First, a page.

Published: March 15, 2022 By

women carrying cornThe animal agriculture industry is the leading cause of most environmental degradation that is currently occurring. These detrimental effects happen as a result of overgrazing, habitat loss, overfishing and more. We are currently in the next mass extinction and animal agriculture is only fueling this catastrophe. Waste in the meat industry, too, is a major problem as well.

Animal agriculture’s impact

The following facts and numbers are from the documentary Cowspiracy: The Sustainability Secret:

  • Processing one pound of beef uses 2,500 gallons of water, while it takes 477 gallons of water for eggs and nearly 900 gallons for cheese. Burning fossil fuels is the leading cause of climate change and the greenhouse effect has led to an unprecedented warming of the earth's temperature. Meanwhile, 82% of the world's underfed children live in countries where food is fed to livestock, and then sold to wealthier and developed countries. Animal agriculture produces 65% of the world's nitrous oxide emissions which has a global warming impact 296 times greater than carbon dioxide.
  • Raising livestock for human consumption generates nearly 15% of total global greenhouse gas emissions, which is greater than all the transportation emissions combined. It also uses nearly 70% of agricultural land, contributing to deforestation, biodiversity loss and water pollution. 

Ending our meat and dairy production could pause the increase of greenhouse gas emissions for 30 years, a new study suggests. All we need to do is adapt to a plant-based food system.

Also, this Forbes article discusses if animal agriculture costs more in health damage than it contributes to the economy.

Zero waste: sustainable farming

Agricultural waste, the unwanted or non-sellable materials that are produced in the growing of crops or raising of livestock, creates agricultural pollution. In reference to farming, the contamination of the environment due to agricultural pollution is worrisome. However, sustainable farming can be possible.

Some negative effects of this pollution include soil erosion, pesticide-related health issues and even water contamination. 

Zero waste agriculture means that the output of one process will be the input of another, such as composting with worms or using wastewater treatments solely.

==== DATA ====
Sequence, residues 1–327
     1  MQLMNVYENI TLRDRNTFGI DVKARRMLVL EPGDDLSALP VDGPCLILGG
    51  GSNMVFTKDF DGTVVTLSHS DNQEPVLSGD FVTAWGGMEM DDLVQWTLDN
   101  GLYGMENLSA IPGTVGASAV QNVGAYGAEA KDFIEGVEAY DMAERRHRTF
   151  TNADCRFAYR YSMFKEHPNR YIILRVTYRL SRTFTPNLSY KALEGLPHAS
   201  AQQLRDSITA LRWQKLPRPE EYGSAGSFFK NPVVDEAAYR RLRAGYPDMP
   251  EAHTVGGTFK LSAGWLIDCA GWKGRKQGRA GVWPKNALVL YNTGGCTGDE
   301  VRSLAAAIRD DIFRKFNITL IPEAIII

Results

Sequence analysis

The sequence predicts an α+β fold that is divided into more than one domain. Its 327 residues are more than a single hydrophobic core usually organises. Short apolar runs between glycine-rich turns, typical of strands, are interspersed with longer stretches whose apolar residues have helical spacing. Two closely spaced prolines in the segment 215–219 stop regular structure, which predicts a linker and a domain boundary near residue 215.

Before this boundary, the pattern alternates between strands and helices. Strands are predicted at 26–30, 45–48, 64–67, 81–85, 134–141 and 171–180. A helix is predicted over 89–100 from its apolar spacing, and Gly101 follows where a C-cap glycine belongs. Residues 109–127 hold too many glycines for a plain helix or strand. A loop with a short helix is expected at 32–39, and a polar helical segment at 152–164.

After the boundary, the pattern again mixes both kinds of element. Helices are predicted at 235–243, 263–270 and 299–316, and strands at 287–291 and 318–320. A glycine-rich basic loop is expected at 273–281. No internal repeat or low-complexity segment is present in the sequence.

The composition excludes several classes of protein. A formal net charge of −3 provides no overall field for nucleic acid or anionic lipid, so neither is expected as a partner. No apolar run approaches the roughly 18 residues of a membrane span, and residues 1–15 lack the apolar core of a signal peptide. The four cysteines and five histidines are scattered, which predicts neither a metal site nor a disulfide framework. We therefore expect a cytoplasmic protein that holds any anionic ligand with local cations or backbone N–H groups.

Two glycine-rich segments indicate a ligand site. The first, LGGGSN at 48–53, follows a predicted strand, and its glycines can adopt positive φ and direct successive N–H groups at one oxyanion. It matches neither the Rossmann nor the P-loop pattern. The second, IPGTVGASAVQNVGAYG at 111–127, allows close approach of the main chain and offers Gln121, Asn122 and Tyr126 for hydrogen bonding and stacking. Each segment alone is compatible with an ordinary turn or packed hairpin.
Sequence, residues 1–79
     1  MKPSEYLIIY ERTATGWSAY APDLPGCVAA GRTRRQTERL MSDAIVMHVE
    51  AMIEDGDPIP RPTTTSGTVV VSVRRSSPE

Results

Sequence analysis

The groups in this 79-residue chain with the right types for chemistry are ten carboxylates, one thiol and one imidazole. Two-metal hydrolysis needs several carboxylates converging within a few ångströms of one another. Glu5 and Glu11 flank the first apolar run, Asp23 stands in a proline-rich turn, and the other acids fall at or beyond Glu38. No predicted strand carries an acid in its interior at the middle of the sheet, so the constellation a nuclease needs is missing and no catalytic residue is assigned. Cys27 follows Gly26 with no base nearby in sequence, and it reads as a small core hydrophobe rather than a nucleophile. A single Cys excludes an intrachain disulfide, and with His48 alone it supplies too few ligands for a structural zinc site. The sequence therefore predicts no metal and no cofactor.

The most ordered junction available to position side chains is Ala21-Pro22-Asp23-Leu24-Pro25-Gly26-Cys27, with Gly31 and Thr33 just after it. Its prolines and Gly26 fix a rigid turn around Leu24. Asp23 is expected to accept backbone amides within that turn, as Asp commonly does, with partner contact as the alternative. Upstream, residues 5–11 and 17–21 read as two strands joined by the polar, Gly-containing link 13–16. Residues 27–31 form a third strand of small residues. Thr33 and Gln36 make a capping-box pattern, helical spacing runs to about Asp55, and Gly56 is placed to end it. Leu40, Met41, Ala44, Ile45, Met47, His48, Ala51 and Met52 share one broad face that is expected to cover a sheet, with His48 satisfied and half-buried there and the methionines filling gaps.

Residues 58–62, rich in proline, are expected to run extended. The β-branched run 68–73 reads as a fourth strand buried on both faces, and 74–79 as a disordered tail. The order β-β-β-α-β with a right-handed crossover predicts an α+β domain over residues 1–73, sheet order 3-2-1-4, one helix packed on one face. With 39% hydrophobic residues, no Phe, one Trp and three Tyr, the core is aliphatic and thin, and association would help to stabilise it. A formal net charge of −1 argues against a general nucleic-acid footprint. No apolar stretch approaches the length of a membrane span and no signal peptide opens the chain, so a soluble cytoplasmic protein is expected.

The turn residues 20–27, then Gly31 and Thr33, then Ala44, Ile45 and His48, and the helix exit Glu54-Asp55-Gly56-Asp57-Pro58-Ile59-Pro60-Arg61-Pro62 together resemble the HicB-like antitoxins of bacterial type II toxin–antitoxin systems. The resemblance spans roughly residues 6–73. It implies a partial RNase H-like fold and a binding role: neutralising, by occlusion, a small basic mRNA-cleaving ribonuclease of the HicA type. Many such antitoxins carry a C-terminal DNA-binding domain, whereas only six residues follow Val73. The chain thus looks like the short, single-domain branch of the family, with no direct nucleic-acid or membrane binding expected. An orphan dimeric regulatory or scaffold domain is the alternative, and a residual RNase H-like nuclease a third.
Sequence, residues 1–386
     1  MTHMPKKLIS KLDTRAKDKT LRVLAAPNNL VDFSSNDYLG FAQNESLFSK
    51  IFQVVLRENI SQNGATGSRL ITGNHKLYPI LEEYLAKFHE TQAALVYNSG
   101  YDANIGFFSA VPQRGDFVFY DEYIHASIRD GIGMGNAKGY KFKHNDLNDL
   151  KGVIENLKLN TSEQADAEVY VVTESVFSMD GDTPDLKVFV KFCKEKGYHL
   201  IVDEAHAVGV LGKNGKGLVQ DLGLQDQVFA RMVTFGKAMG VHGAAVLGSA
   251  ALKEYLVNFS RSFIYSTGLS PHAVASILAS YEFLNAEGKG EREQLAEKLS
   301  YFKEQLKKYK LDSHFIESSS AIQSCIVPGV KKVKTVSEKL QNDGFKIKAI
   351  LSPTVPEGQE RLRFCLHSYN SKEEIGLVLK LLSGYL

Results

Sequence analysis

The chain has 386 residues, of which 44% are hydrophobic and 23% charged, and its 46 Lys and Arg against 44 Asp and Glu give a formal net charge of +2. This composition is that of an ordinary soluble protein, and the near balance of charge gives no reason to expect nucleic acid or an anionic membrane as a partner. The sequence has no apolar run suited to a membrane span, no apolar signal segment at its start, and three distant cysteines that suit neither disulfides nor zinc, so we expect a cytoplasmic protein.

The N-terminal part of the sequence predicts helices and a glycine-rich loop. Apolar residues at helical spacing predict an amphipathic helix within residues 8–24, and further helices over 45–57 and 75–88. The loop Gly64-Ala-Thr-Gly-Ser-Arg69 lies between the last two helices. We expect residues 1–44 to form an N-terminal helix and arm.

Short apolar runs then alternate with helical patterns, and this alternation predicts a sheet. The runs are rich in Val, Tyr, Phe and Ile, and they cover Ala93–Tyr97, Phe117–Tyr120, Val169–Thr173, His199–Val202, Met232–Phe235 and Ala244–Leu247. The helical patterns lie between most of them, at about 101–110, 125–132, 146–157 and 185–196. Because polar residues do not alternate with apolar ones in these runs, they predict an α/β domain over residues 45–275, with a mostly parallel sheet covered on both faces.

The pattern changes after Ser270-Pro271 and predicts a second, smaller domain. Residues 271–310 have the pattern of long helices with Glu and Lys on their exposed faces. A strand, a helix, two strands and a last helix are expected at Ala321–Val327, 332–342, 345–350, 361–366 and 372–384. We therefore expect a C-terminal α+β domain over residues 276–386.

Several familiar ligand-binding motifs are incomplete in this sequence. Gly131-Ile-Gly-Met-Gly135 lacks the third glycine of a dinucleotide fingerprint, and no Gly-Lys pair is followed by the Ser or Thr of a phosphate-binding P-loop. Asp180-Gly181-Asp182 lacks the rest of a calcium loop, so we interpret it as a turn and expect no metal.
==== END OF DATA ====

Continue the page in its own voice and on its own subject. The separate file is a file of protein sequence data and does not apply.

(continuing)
Agriculture and similar land-use generates more greenhouse gas emissions than all power generation!

Transforming our food production systems and consumption habits are undeniable solutions that must be part of the changes when addressing climate change. Right now, it is not specifically being addressed as a key factor of climate change. Step one is recognizing that it is a contributor, and then committing to developing and implementing solutions and strategies that will support a transition away from these animal agricultural food systems and depend more heavily on the plant-centric food systems. 

This moving documentary sheds light on why some of the truths of agricultural practices are hushed in climate discussions. Since animal agriculture’s impact on the climate is so large and catastrophic, it is important to discuss this difficult topic.

Here are some small modifications you can make to your daily routine to reduce your own personal greenhouse gas emissions.

Doing your part

  • A plant-based diet: if there is apprehension, begin with Meatless Mondays then adapt to meatless meals as often as you can! Get creative with your meal-prepping, there are countless recipes using all sorts of plants in various ways. Here are some of my favorite places I get inspiration from:

  • Try non-dairy milk, spreads, cheeses and more.

  • Stop supporting factory farming.

  • Compost.

Social justice acknowledgement

Zero waste farming is not a new idea; in fact, this concept is what farmers in developing countries have typically done for centuries! Farmers use their land and resources to their full potential.

A lot of plant-based meat and dairy alternatives have political, corporate and societal barriers that prevent some communities from wanting to adopt this lifestyle. Lower prices and increasing access must be tackled and considered in influencing consumer decisions and protecting our environment. 

Check out this awesome article about how Indigenous communities are the creators of regenerative agriculture!